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Enjoy Delicious Soups and Stews in This Cold Weather

Almost nothing is more satisfying than staying in and savoring a bowl of warm, rustic soup or stew. Forget the canned stuff and try your hand at one of these comforting homemade creations.

As it continues to be cold, I want something warm and hearty. Almost nothing is more satisfying than staying in and savoring a bowl of warm, rustic soup or stew. Forget the canned stuff, and try your hand at one of these comforting homemade creations.

Soup-based meals that emphasize vegetables, beans, and low-fat bases can be a smart way to eat healthy, while helping stretch your budget. Soups and stews offer a variety of quick and easy ways to prepare and eat more meals at home with your family. Simply add whole-wheat bread or crackers, a fruit or salad and your meal is complete.

Canned soup isn't always healthy

Canned soups are convenient and very popular, but usually they are high in sodium or fat. Most cans contain about two servings, so if you eat the whole can, you have to multiply the amount of sodium, fat, and calories by two. For example, a tomato-based soup, such as ravioli with vegetables, contains about two servings per can, and each serving contains 820 mg sodium. Most adults will eat the entire can of soup, which provides a total amount of 1,640 mg sodium, which is about 71% of the daily recommended intake of sodium … from one meal item!

Save money and calories; make your own stock

Instead, control the amount of fat, sodium, and money you spend by making your own soup stock. Store leftover pieces (including the bones) of beef, ham or chicken in the freezer until you have enough for making stock. Add water, celery, carrots, onions and sodium-free seasonings (such as bay leaf, rosemary, or Italian seasoning) to make stock. Soup stock can then be frozen in small batches and used as needed when making soup.

Many favorite soups are cream and cheese based, which can easily add extra calories. To create a creamy texture without the extra fat, substitute low-fat milk, yogurt or cottage cheese for whole milk, whipping cream and half-n-half. Fat-free half-n-half is also a tasty substitute that works well in soup recipes.

Every tablespoon of fat removed from the surface of soup removes about 120 calories and 13 fat grams. Fat in soups collects on the surface because it is lighter than water. This makes it easy to skim off the surface fat. Fat hardens when soup is chilled and becomes easy to remove from refrigerated soups and stews. If you are in a hurry, add a few ice cubes to the soup. Fat will rise and congeal around the ice, although the ice may dilute the broth or soup slightly.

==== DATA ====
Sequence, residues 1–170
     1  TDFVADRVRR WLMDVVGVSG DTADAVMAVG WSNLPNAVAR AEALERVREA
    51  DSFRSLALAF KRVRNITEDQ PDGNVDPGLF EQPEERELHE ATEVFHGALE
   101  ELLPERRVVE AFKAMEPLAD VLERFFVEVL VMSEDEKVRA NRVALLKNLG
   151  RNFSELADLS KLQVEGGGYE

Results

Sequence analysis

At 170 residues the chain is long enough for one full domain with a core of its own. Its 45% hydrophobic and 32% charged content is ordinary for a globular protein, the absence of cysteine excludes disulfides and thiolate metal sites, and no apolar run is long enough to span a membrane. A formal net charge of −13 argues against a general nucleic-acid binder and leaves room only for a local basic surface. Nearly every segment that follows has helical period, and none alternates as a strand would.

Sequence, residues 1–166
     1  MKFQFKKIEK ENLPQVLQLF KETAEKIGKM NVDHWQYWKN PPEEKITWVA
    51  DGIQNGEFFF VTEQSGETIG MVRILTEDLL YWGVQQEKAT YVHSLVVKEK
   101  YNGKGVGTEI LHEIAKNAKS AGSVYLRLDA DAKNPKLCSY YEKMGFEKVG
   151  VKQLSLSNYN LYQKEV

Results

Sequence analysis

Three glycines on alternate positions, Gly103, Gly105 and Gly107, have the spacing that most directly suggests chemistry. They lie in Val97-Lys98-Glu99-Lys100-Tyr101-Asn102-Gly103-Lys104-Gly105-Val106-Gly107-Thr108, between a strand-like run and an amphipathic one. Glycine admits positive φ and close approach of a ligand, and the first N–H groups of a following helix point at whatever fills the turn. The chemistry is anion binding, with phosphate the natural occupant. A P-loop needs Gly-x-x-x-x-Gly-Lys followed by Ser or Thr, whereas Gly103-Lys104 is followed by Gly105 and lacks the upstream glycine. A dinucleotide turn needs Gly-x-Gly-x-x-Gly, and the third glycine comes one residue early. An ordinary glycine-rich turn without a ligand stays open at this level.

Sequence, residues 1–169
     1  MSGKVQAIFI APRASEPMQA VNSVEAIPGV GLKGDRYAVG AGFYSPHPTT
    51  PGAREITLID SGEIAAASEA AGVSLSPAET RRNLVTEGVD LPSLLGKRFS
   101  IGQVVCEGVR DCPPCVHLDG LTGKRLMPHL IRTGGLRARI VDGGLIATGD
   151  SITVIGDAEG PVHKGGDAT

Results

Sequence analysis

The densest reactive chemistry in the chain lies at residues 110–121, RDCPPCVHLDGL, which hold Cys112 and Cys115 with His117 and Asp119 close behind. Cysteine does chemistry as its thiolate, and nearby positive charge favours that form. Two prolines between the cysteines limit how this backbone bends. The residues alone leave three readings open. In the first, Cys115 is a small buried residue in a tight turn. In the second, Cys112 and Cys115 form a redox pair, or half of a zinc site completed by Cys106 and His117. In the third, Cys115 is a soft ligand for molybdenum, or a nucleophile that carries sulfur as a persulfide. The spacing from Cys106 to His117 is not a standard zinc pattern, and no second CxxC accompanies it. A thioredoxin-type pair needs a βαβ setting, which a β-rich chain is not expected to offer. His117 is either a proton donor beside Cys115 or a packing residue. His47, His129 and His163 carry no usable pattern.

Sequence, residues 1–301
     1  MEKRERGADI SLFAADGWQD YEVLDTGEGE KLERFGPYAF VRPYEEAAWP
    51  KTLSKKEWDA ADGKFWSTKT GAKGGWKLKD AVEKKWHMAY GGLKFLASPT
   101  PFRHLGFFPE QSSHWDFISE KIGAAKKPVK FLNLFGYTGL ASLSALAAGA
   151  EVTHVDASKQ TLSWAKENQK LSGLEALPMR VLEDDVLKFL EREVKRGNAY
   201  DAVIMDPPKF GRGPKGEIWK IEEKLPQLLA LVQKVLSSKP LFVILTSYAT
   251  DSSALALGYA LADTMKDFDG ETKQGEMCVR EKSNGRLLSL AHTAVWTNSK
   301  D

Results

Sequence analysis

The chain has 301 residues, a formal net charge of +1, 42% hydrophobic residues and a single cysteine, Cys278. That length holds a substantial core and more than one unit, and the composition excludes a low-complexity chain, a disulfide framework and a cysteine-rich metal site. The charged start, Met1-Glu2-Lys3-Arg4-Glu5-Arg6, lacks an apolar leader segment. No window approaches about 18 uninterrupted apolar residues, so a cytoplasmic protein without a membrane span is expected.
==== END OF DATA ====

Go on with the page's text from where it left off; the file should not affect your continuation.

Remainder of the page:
Save time; freeze your soup

To save time during the busy week, try cooking a batch of soup on the weekend to keep in the freezer. It is important to cool hot soup quickly. Divide hot soup into small containers or shallow pans or place in a bowl set over another bowl filled with ice water. Stir soup as it cools. This method allows for less time for bacteria to grow.

Most of the ingredients you add to soups and stews are very reasonable in price and provide a very nutritious meal for your family. Soups and stews also provide one of the best ways to use up leftover turkey, chicken or beef, preventing waste. You’ll find your soup will have a better flavor if you include the bones along with the meat while cooking. Just remember to remove the bones before serving. The bone marrow gives the soup additional flavor.

The great thing about a soup or stew is that it is a one-dish meal. When you cook vegetables, don’t throw away the water because much of the nutrition is contained there. Simply pour it into a freezable container and freeze. Add it to a soup or stew. With homemade soups & stews, you don’t throw anything away so your family gets the full food value.

This basic chicken stock makes the perfect base for Chicken Noodle Soup. It is easy and flavorful, plus freezes well.


  • 1 lb. chicken parts
  • 1 1/2 tsp. salt
  • 1 large onion, quartered
  • 3 whole cloves
  • 3 stalks celery, including some of the leaves
  •  6 cups water
  • 1 large carrot

Chop scrubbed celery and carrot into 1-inch chunks. Place chicken pieces, onion, celery, carrot, salt, and cloves in large soup pot or Dutch oven. Add 6 cups water. Bring to a boil. Reduce heat, cover, and simmer for 1 hour. Remove chicken & vegetables. Strain stock; skim fat off the surface.